Military personnel with chronic symptoms following blast traumatic brain injury have differential expression of neuronal recovery and epidermal growth factor receptor genes

Morgan Heinzelmann, Swarnalatha Y. Reddy, Louis M. French, Dan Wang, Hyunhwa Lee, Taura Barr, Tristin Baxter, Vincent Mysliwiec, Jessica Gill

Research output: Contribution to journalArticlepeer-review

21 Scopus citations


Objective: Approximately one-quarter of military personnel who deployed to combat stations sustained one or more blast-related, closed-head injuries. Blast injuries result from the detonation of an explosive device. The mechanisms associated with blast exposure that give rise to traumatic brain injury (TBI), and place military personnel at high risk for chronic symptoms of post-concussive disorder (PCD), post-traumatic stress disorder (PTSD), and depression are not elucidated. Methods: To investigate the mechanisms of persistent blast-related symptoms, we examined expression profiles of transcripts across the genome to determine the role of gene activity in chronic symptoms following blast-TBI. Active duty military personnel with (1) a medical record of a blast-TBI that occurred during deployment (n = 19) were compared to control participants without TBI (n = 17). Controls were matched to cases on demographic factors including age, gender, and race, and also in diagnoses of sleep disturbance, and symptoms of PTSD and depression. Due to the high number of PCD symptoms in the TBI+ group, we did not match on this variable. Using expression profiles of transcripts in microarray platform in peripheral samples of whole blood, significantly differentially expressed gene lists were generated. Statistical threshold is based on criteria of 1.5 magnitude fold-change (up or down) and p-values with multiple test correction (false discovery rate <0.05). Results: There were 34 transcripts in 29 genes that were differentially regulated in blast-TBI participants compared to controls. Up-regulated genes included epithelial cell transforming sequence and zinc finger proteins, which are necessary for astrocyte differentiation following injury. Tensin-1, which has been implicated in neuronal recovery in pre-clinical TBI models, was down-regulated in blast-TBI participants. Protein ubiquitination genes, such as epidermal growth factor receptor, were also down-regulated and identified as the central regulators in the gene network determined by interaction pathway analysis. Conclusion: In this study, we identified a gene-expression pathway of delayed neuronal recovery in military personnel a blast-TBI and chronic symptoms. Future work is needed to determine if therapeutic agents that regulate these pathways may provide novel treatments for chronic blast-TBI-related symptoms.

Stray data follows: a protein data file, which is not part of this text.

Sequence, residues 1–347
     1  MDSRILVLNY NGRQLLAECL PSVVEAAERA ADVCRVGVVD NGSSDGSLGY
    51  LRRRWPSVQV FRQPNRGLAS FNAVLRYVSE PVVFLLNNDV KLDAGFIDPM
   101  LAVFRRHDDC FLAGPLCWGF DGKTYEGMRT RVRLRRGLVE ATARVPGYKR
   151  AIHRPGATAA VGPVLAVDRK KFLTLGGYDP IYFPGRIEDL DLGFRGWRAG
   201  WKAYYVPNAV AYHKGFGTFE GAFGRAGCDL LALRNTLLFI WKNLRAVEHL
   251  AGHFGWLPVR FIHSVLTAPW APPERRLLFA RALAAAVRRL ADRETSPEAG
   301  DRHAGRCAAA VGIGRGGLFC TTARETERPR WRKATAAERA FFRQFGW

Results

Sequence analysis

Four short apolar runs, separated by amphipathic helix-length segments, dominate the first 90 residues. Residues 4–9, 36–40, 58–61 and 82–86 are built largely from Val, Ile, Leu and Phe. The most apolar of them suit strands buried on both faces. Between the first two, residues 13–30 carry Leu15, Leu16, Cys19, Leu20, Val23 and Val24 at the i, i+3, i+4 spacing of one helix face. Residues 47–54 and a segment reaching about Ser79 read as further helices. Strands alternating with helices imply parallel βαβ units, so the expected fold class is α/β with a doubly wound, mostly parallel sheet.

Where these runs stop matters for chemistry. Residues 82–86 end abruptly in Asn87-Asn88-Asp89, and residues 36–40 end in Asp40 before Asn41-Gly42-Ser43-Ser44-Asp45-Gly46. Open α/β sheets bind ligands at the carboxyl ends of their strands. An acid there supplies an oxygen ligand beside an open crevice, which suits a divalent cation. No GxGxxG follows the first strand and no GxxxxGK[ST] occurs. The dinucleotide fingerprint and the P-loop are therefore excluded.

Original languageEnglish (US)
Article number198
JournalFrontiers in Neurology
Issue numberOCT
StatePublished - 2014
Externally publishedYes


  • Gene-expression
  • Military
  • Post-concussive disorder
  • Traumatic brain injury

ASJC Scopus subject areas

  • Neurology
  • Clinical Neurology


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